An unseasonably cool June 13 evening and the tree-line La Place recreational area in rural Greenfield, Ind., was the backdrop for a patriotic ceremony two years in the making that wasn’t going to be denied because of the coronavirus.
With proper social distancing in place, members of three Greenfield veterans service organizations – including Dale E. Kuhn American Legion Post 119 – came together on the eve of Flag Day to properly dispose of between 2,500 to 3,000 U.S. flags no longer serviceable.
The disposal ceremony has gone on “for years,” said American Legion Past National Commander Butch Miller, who is still a member of American Legion Post 364 in Virginia but became active with Post 119 after moving to Indiana. But the 2019 ceremony had to be canceled because of weather.
After Post 119 was able to conduct a virtual Memorial Day ceremony, there was no doubt this year’s disposal ceremony was happening. “Having had that (Memorial Day) experience, this was a piece of cake,” Post 119 Communications Officer Kurt Vetters said. “And if (area veterans organizations) don’t do this stuff, nobody does it. It’s our responsibility to continue traditions that have really gone on (for decades).
Post 119 teamed up with 40&8 Voiture Locale 1415 and Brewer & Culley VFW Post 2693 to prep the flags, conduct the ceremony and then ignite the flags placed along a large rack. The Greenfield Veterans Honor Guard provided the flag detail. 40&8 1415 Chef de Gare Steve Fox, a member of Post 119, said the flag ceremony is an example of how well the local veteran service organizations work together. “Many of us are in multi-organizations, so we have good communication,” he said. “We try to include all the veterans organizations in everything.”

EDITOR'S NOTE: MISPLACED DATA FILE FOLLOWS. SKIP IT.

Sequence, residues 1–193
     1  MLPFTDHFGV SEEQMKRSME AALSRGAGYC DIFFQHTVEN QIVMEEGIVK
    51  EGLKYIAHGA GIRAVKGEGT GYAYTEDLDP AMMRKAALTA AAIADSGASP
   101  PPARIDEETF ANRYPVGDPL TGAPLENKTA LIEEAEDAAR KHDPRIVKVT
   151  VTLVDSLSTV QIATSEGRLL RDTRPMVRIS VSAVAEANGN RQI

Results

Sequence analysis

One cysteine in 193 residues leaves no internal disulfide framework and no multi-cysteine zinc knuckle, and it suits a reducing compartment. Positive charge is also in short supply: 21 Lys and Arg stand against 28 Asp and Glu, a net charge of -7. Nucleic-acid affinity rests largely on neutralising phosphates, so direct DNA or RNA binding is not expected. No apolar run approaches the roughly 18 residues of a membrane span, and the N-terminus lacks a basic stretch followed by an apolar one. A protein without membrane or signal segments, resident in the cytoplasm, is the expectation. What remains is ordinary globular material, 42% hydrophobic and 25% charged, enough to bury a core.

Miller said ceremonies such as the Greenfield one “are a way of educating the public. A lot of people … they don’t understand the proper way that you dispose of a flag. A lot of people just think … if you fold it up all nice and neat and put it in the trash that’s fine. It’s not. So we do it every year. It’s for the education of the general public. And it’s another way of showing the local community the veterans are here and we’re doing a lot of things behind the scenes. We don’t do it for fame and glory. We just do it because it’s the right thing to do.”
Fox said during the ceremony that the flag’s true value isn’t physical. “It’s real value is beyond pricing,” he said. “It’s a precious symbol of all that we and our comrades have worked for and lived for and died for: a free nation of free men true to the faith of the past, (and) devoted to the ideas of the practice of justice, freedom and democracy.
Around 50 area residents came to watch the ceremony, which was also was streamed live via Facebook. “I can’t tell you how many packages – individual, folded flags – we took. I took ones that were carefully wrapped in Saran wrap,” Vetters said. “It took us three hours to get (all the flags) set up. But with every one, you can tell (someone) for the most part took some care. So it’s our responsibility to make sure that we continue that.”
Fox said watching the thousands of flags burn is “emotional for me, a little bit. I’ve got 30 years in the service – I’m still in currently. This is what it was all about for me my whole life. I went into the service when I was 18. I’ve fought for that flag for what it stands for. That’s our freedom. If you don’t like your job, you quit and go work somewhere else. If you’ve got something to say, you can say it. That’s what that flag means.”